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Vi ho cercato. Adesso voi siete venuti da me. E vi ringrazio.
I sought you. Now you have come to me. And for this I thank you.


“He was as alone as a man can be,” the Polish journalist Jerzy Turowicz remarked of John Paul II at the moment of his election. At his death on April 2, 2005, between the thousands packed into St. Peter’s Square, and the group of doctors, nuns, priests, and bishops in his bedroom, John Paul ended his papacy as far from alone as one can be. While this certainly brought him comfort“he had chosen to stay in his room rather than die in the hospital“it also brought comfort, joy, and faith to those of us in the piazza.

On April 1, soon after learning the Pope was seriously ill, my friends and I went to St. Peter’s Square, which was more crowded than it had been on Easter Sunday. I initially felt an overpowering sense of history, that I would soon be witnessing a significant global event. When we arrived, a group of Cardinals congregated on the steps of the Basilica led the crowd of faithful in saying the rosary’s Luminous Mysteries, promulgated by John Paul several years earlier.

As the day went on, grown men were crying, priests were hugging, groups of faithful praying the rosary covered the square, and everyone was reflective and prayerful. Whether they were silently praying or singing in a group, everyone’s gaze was directed at the papal apartment, its light shining above the dark Piazza. As if we were already mourning his passing, flowers, candles, and pictures of John Paul occupied every available surface. I think all of us felt a little guilty when we went home that night, as if we were leaving him alone.

The following day, we returned to St. Peter’s surprised but thankful that the Holy Father had made it to morning. We had since learned of his words to the faithful outside. His knowledge of our presence seemed to make my prayers more significant. By this time, reporters and photographers from seemingly every news outlet in the world had descended on the square. While their presence distracted us at times, I think everyone felt blessed to be the face of the Church to the watching world.

Americans studying in or visiting the Eternal City met one another, becoming friends through the unspoken realization that each was witnessing a momentous event in the Church and in their lives. Throughout the day, organized prayer was interspersed with conversation as everyone waited, incredulously, for the inevitable. Anytime someone began talking loudly, several others asked him to be quiet.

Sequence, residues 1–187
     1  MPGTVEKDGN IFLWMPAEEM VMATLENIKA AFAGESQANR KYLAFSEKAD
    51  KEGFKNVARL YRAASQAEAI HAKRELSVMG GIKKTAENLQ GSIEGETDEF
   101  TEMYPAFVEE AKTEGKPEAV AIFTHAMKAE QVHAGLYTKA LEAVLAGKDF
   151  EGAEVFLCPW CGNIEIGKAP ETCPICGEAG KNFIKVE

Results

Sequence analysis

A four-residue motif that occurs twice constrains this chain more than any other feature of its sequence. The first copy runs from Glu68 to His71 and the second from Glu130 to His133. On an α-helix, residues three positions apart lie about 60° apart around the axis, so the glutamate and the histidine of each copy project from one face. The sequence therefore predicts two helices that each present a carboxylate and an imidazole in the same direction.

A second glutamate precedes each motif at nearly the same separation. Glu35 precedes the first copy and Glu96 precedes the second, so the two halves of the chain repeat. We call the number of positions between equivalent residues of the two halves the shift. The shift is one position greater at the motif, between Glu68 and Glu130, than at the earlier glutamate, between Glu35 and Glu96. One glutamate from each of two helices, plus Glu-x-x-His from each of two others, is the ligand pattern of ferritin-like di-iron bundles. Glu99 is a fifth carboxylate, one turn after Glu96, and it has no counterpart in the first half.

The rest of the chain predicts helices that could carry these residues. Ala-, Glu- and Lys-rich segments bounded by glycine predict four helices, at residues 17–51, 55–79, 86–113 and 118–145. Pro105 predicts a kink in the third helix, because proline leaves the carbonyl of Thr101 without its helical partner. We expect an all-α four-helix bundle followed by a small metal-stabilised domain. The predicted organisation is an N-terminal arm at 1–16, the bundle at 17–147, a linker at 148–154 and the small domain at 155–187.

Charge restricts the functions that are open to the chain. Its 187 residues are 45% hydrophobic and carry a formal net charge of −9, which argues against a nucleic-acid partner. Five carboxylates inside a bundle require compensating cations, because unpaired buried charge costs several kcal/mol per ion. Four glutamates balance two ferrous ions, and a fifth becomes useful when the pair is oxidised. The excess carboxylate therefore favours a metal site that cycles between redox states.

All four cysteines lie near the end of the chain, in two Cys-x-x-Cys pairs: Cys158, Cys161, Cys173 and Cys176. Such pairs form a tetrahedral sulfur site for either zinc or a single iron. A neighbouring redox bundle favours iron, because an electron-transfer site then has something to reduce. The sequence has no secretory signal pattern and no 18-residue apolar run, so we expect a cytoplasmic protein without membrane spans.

That evening, a group of cardinals again led the faithful in the rosary. After the rosary, all the cardinals retreated into St. Peter’s, except one. Cardinal Giovanni Baptista remained, announcing that the Holy Father had passed away. Though I spoke no Italian, I recognized him saying that John Paul had gone to the house of his Father. Instantly, everyone was crying. Adults were sobbing, and perfect strangers were hugging and leaning on one another. The time we spent in the square did not dampen our reaction to him being truly gone. I did not even hear the large bells tolling.

Thousands of Catholics from many different countries and walks of life became one in sorrow and joy at their Holy Father’s passing. Italian teenagers knelt prayed next to elderly nuns in full habit; Vatican prelates and Roman citizens surrounded American seminarians and students. In a country where so many seemed to show irreverence or indifference to their faith tradition, a crowd of thousands fell on its knees and struggled to sing the Salve Regina beneath the Mater Ecclesiae mosaic. When we finished, the entire square was silent, save for the sounds of people sobbing. We then realized that the light in the papal apartment had been extinguished at the time of his death.

I imagine I was not the only one who, upon reflecting on his passing, seemed sure of John Paul’s glorification and my own failings in contrast. It was an awesome gathering of thousands, all praying and meditating in a way they likely never would again. I also realized that we would all soon be witnessing the election of the next Pope.

As I went to sleep early that morning, I was concerned for the future of the Church. But I was mostly thankful“thankful for being near the Pope at his death, and thankful for witnessing the Catholic Church that night in St. Peter’s Square. As the only Pope I had ever known, John Paul was the Catholic Church to me, and countless other young people. But on April 2, after he died, I saw the Catholic Church, and that I loved it and was blessed to be one of its own. And I saw that, regardless of who next answered the Lord’s call, it would continue to be the Church I now loved more than ever.

John O’Herron is a law clerk for the Honorable Cynthia D. Kinser on the Supreme Court of Virginia. The views expressed are his own. He was in Rome for a semester of study with Christendom College.

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